Examining all the testimony and the relations between the parties, the court finds that the significant lines of commerce involved in this action should be divided into two distinct and separate categories: (1) the printing of color comic supplements for newspapers which do not print their own, and (2) the printing of color comic supplements for syndicates engaged in the sale of copyrighted comic features to newspapers. These are the lines of commerce -- to treat them together as one line of commerce, i.e., the printing and sale of color comic supplements, would be to ignore the tremendous leverage of the syndicates which control the copyrighted features. The testimony of Walter Koessler and other witnesses in this case has established firmly that the syndicates, and in particular King, have a unique position by virtue of the legal monopoly which they have over the copyrighted features. The court is of the opinion that the peculiar characteristics and business uses of copyrighted features justify considering printing for syndicates as a separate product market. See Brown Shoe Co. v. U.S., 370 U.S. 294, 325, 8 L. Ed. 2d 510, 82 S. Ct. 1502 (1961).

 The Charges of the Complaint.

 The evidence *fn2" indicates that Greater Buffalo and King engaged in active competition for the business of printing color comic supplements. Because of King's control over licensing of both comic and general features, Greater Buffalo has been at a disadvantage in meeting King's competition. In certain instances, such as the Waterloo, Iowa, incident, the power of King to withhold the licensing of comic features to newspapers, to which Greater Buffalo was supplying the color comic supplements, required Greater Buffalo to make weekly payments to King to satisfy demands of Nicht, the chief executive officer of King. These payments were not made as the result of any agreement between Greater Buffalo and King with respect to the division or allocation of business or customers. Moreover, in some instances the newspapers themselves decided to split contracts between King and Greater Buffalo because of transportation savings which could be realized. Specifically, this was done by the Gannett papers for the Utica and Binghamton papers. Evidence that a customer has elected to divide his business for economic reasons does not establish an agreement between King and Greater Buffalo to allocate customers between them.

 Between 1955 and 1958, Nicht attempted to secure an agreement restricting competition between King and Greater Buffalo. Koessler, knowing King's dominant position and its power over Greater Buffalo's customers, led Nicht to believe that Greater Buffalo was willing to negotiate such an agreement but, since Koessler was aware that such an agreement would be detrimental to Greater Buffalo, no agreement was ever reached with respect to monopolizing the printing and sale of color comic supplements, fixing prices, or allocating customers. Prior to 1955 and continuing to date, Greater Buffalo has competed with King and has obtained contracts from newspapers for printing formerly under contract with King and has been and still is in competition with NEA for the printing of color comic supplements. Greater Buffalo's competition with NEA has been restricted, since Greater Buffalo has not been and is not engaged in the sale of ready-print sections which is NEA's principal source of business. The acquisition of the assets of Buffalo Color Press, Inc., an NEA subsidiary, by Greater Buffalo in 1955 has not affected the competition between NEA and Greater Buffalo, nor has the contract between the two for the printing of color comic supplements by Greater Buffalo for the account of NEA. They are engaged in competition for the licensing of color comic printing and color comic features and the printing of color comic supplements. Greater Buffalo, printing for both concerns, received complaints from each with respect to the competition of the other and attempted to mediate such complaints. However, at no time did Greater Buffalo enter into an agreement or understanding with either with respect to allocation of customers or solicitation of each other's accounts.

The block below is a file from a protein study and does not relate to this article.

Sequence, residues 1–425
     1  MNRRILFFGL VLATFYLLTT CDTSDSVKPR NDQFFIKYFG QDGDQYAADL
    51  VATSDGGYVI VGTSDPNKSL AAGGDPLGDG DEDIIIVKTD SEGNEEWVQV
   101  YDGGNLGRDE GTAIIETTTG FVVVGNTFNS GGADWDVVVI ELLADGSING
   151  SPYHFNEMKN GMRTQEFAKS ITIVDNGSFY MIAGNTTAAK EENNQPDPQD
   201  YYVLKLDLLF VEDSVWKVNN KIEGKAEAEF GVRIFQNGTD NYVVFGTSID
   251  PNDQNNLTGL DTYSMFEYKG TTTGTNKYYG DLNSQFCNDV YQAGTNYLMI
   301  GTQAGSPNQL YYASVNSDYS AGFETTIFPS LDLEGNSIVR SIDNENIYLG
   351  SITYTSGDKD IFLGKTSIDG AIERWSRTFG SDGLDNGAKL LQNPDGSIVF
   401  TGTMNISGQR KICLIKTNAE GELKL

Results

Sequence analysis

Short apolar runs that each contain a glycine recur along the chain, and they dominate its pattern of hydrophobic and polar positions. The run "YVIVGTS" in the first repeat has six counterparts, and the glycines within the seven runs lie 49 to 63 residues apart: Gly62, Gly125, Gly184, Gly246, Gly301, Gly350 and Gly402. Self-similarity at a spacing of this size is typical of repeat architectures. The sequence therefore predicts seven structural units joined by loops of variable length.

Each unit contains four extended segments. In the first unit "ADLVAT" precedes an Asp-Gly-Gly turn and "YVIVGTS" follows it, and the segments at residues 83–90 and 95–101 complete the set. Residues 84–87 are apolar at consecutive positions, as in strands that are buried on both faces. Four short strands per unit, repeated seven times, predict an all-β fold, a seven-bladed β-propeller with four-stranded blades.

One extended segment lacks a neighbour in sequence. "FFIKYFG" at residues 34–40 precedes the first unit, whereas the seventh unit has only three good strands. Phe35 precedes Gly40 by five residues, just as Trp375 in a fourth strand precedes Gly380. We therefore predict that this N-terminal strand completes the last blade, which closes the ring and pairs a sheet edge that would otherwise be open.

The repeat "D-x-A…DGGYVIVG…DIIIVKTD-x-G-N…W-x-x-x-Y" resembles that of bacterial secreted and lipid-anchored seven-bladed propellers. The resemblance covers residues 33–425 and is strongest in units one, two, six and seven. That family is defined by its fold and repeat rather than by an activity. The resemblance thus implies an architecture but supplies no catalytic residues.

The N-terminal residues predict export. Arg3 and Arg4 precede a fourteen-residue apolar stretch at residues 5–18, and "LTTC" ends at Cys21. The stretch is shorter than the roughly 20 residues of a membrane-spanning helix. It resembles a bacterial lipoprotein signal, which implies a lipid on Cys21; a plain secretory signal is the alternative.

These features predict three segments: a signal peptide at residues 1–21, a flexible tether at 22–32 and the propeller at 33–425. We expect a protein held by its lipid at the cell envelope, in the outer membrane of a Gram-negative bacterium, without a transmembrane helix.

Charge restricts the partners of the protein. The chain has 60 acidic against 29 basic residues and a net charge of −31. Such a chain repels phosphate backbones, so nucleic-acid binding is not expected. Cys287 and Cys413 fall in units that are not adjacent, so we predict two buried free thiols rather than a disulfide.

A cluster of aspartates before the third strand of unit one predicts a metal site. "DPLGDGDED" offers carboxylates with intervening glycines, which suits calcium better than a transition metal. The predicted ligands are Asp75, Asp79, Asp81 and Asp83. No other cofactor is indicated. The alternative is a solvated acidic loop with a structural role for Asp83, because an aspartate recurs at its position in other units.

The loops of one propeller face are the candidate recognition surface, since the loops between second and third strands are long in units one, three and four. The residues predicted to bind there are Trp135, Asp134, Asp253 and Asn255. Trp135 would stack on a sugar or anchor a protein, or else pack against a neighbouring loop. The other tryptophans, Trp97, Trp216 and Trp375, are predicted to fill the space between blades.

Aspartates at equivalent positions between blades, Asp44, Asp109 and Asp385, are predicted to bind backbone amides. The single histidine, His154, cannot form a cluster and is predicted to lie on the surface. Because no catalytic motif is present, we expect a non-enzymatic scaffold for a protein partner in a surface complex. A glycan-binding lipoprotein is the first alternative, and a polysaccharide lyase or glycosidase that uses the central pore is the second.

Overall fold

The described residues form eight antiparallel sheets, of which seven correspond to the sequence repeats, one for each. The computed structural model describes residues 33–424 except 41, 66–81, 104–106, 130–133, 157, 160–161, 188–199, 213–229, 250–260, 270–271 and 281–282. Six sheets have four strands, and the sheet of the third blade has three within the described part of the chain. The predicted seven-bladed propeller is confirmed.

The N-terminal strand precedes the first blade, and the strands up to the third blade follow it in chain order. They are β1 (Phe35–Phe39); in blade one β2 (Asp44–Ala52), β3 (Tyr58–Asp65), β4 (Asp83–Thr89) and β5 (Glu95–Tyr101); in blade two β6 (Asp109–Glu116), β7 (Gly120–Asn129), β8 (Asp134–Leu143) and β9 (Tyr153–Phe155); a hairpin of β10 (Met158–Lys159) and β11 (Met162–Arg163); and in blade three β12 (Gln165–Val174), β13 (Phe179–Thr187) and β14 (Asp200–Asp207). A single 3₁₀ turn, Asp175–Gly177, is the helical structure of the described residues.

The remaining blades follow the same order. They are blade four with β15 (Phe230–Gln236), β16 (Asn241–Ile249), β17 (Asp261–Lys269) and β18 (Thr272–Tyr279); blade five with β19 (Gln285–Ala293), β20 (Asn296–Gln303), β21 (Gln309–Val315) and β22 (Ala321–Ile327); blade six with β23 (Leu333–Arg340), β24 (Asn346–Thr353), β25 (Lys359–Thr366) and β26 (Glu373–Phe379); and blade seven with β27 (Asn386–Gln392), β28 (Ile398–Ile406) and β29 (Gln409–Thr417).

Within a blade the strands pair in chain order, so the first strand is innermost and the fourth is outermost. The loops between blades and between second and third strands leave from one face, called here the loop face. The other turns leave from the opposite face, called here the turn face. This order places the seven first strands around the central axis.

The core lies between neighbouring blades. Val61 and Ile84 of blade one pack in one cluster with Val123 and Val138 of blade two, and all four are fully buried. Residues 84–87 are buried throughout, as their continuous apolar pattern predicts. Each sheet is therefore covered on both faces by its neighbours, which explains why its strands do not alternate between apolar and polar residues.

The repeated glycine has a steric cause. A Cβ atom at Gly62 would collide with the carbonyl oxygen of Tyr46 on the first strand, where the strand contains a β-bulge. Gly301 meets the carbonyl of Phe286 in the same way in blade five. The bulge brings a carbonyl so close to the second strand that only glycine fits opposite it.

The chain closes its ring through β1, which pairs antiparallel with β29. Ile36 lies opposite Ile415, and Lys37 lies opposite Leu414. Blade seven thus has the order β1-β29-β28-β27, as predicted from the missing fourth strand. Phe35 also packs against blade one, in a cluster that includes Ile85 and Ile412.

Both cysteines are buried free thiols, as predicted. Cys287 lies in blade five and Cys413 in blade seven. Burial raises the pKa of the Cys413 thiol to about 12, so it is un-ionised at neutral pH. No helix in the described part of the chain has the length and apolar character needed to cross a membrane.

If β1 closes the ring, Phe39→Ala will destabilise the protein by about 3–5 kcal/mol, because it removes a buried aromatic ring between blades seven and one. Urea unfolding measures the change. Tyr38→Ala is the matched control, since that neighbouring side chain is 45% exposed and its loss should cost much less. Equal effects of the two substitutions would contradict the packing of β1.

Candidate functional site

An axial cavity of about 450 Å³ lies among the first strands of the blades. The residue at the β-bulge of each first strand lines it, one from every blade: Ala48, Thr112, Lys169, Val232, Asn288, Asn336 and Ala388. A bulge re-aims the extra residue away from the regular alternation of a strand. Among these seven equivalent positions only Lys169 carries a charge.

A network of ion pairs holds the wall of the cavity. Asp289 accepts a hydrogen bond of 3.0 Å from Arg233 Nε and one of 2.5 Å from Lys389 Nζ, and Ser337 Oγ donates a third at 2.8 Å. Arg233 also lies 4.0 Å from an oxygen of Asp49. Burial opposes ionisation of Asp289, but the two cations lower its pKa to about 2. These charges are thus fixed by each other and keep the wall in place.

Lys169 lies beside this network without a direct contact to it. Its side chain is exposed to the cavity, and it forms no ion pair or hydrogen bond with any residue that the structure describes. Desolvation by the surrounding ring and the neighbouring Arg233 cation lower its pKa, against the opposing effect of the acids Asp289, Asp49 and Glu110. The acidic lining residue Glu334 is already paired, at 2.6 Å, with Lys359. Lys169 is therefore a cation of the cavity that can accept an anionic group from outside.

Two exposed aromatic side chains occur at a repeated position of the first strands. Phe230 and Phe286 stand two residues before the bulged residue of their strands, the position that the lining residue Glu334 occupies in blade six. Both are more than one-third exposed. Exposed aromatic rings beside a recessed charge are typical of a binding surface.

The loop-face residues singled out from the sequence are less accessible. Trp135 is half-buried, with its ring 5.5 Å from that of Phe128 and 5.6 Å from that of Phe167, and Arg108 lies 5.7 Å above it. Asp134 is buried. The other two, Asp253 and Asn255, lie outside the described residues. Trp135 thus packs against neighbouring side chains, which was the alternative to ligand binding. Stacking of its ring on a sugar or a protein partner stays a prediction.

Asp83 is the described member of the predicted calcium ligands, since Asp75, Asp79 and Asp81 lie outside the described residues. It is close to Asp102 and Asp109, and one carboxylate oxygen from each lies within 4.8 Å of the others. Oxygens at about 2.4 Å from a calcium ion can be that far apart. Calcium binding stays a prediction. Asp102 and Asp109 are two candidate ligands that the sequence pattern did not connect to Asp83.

Since Greater Buffalo's contracts with newspapers provided that transportation costs would be paid by the newspaper, Greater Buffalo has for many years attempted to locate and had made plans for the construction of printing plants in the deep south and southwest. This was both to accommodate its existing customers in those areas by providing lower unit cost per color comic supplement by cutting transportation costs and also to obtain new customers in these areas by providing a higher quality product at a lower unit cost. In furtherance of this policy, a printing plant was constructed in the early 1950's in Lufkin, Texas, by Southwest Color. The construction and operation of this plant was undertaken and financed entirely by Greater Buffalo, and its establishment has resulted in transportation savings to newspapers in the southwest. Some printing business subcontracted by King for printing at the Lufkin plant since 1958 has been done pursuant to an arrangement between King and Greater Buffalo on the same price schedules which are available to other customers of Greater Buffalo for Lufkin printing. The subcontracting by King affords an economic advantage to King and its customers and is not in any way dependent or contingent upon any overall agreement between King and Greater Buffalo. The operation of the Lufkin plant by Southwest Color under the direction and control of Greater Buffalo has not restrained competition in the color comic printing industry, nor has it disadvantaged any other company in the industry or tended to create a monopoly.

 The establishment of a printing plant at Sylacauga by Dixie Color was in execution of plans made by Greater Buffalo in 1947 and a commitment made in 1950 to its customers in the area. Construction and operation of the plant were undertaken and financed entirely by Greater Buffalo without any contributions by any other company in the industry. The establishment of that plant has effected transportation savings to newspapers in the south and preserved competitive prices in the area over the period since its construction.